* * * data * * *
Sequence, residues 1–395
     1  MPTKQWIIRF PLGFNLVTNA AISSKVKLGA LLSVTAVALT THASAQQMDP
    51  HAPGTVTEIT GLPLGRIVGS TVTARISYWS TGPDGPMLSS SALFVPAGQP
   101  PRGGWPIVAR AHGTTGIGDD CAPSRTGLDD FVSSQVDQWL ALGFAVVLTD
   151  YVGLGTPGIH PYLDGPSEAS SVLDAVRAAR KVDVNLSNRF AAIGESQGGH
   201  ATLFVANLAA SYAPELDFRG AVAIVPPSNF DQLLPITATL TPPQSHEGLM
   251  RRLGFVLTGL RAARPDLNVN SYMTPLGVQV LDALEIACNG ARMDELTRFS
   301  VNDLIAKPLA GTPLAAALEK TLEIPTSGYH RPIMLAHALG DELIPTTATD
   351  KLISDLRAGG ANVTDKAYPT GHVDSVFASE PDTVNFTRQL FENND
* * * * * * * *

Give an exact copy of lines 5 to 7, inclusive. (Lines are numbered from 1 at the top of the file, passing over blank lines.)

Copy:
   151  YVGLGTPGIH PYLDGPSEAS SVLDAVRAAR KVDVNLSNRF AAIGESQGGH
   201  ATLFVANLAA SYAPELDFRG AVAIVPPSNF DQLLPITATL TPPQSHEGLM
   251  RRLGFVLTGL RAARPDLNVN SYMTPLGVQV LDALEIACNG ARMDELTRFS